Vatican and China Bishops

Paul Arps is licensed under CC BY-SA 2.0

The Asian country remains the last spiritual challenge for the Vatican

The Vatican and the People's Republic of China have reached an agreement to solve a dispute over which entity has the authority to appoint bishops. As per informed sources, the deal could be signed by this May. If this happens, diplomatic relations could be restored after a gap of almost 70 years. Contact was severed after a communist rule was entrenched in China. A partial resolution will open-up the relations between the Holy See and Beijing.

A complete breakthrough will enable the Vatican controlled churches to care for about 12 million Chinese Catholics living in China. The Vatican knows it is imperative to move fast as Protestant churches are growing rapidly across the country.

Whatever happens, it is clear the Vatican has succumbed to the pressures of the Chinese Communist Party. This is not good news to Taiwan. The reason is that if such a deal goes through, then the Vatican will be compelled to cut off diplomatic relations with the small island country. Communist China will then be the priority.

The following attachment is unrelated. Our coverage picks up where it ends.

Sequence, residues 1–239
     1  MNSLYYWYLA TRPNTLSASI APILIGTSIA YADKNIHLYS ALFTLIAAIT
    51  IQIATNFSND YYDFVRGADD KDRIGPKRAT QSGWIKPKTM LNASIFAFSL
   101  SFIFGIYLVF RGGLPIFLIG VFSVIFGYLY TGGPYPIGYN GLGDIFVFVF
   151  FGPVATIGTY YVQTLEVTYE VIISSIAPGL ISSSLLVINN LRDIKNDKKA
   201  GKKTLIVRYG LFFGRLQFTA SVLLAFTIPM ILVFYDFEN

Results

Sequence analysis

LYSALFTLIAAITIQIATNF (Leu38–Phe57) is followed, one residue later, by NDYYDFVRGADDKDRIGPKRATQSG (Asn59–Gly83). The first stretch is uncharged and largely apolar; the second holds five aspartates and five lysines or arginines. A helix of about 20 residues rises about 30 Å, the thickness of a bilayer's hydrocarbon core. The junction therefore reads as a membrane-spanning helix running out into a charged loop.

Chinese Catholics are fractured between those who are members of “underground” communities following the pope and those who are part of the Catholic Patriotic Association. The latter is a state-controlled entity where all bishops get appointed by Beijing. These are made possible by a close link between the government and local church communities.

For the Vatican, China, by and large, remains a fruit that must be ripe for the plucking. The Holy See knows that the People's Republic is the last country to be conquered. It has superb missionary potential. It also helped that many people in the Vatican harbor a deep romance when it comes to this Asian nation. China is linked with many legendary figures like St. Francis Xavier and Matteo Ricci. A continued historical sense remains that the Holy See did a hara-kiri with the notorious Chinese Rites controversy during 17th to 18th centuries.

If the deal materializes, the Vatican can make decisions when it comes to appointing CPA bishops in the future. The Holy See has vehemently denied that Pope Francis was not present during the China negotiations. It is heard that the pontiff has given his backing to an offer to bishops who are known to be loyal to the Holy See. They are expected to work to meet Vatican interests so that an accord can be reached with the government-backed bishops.

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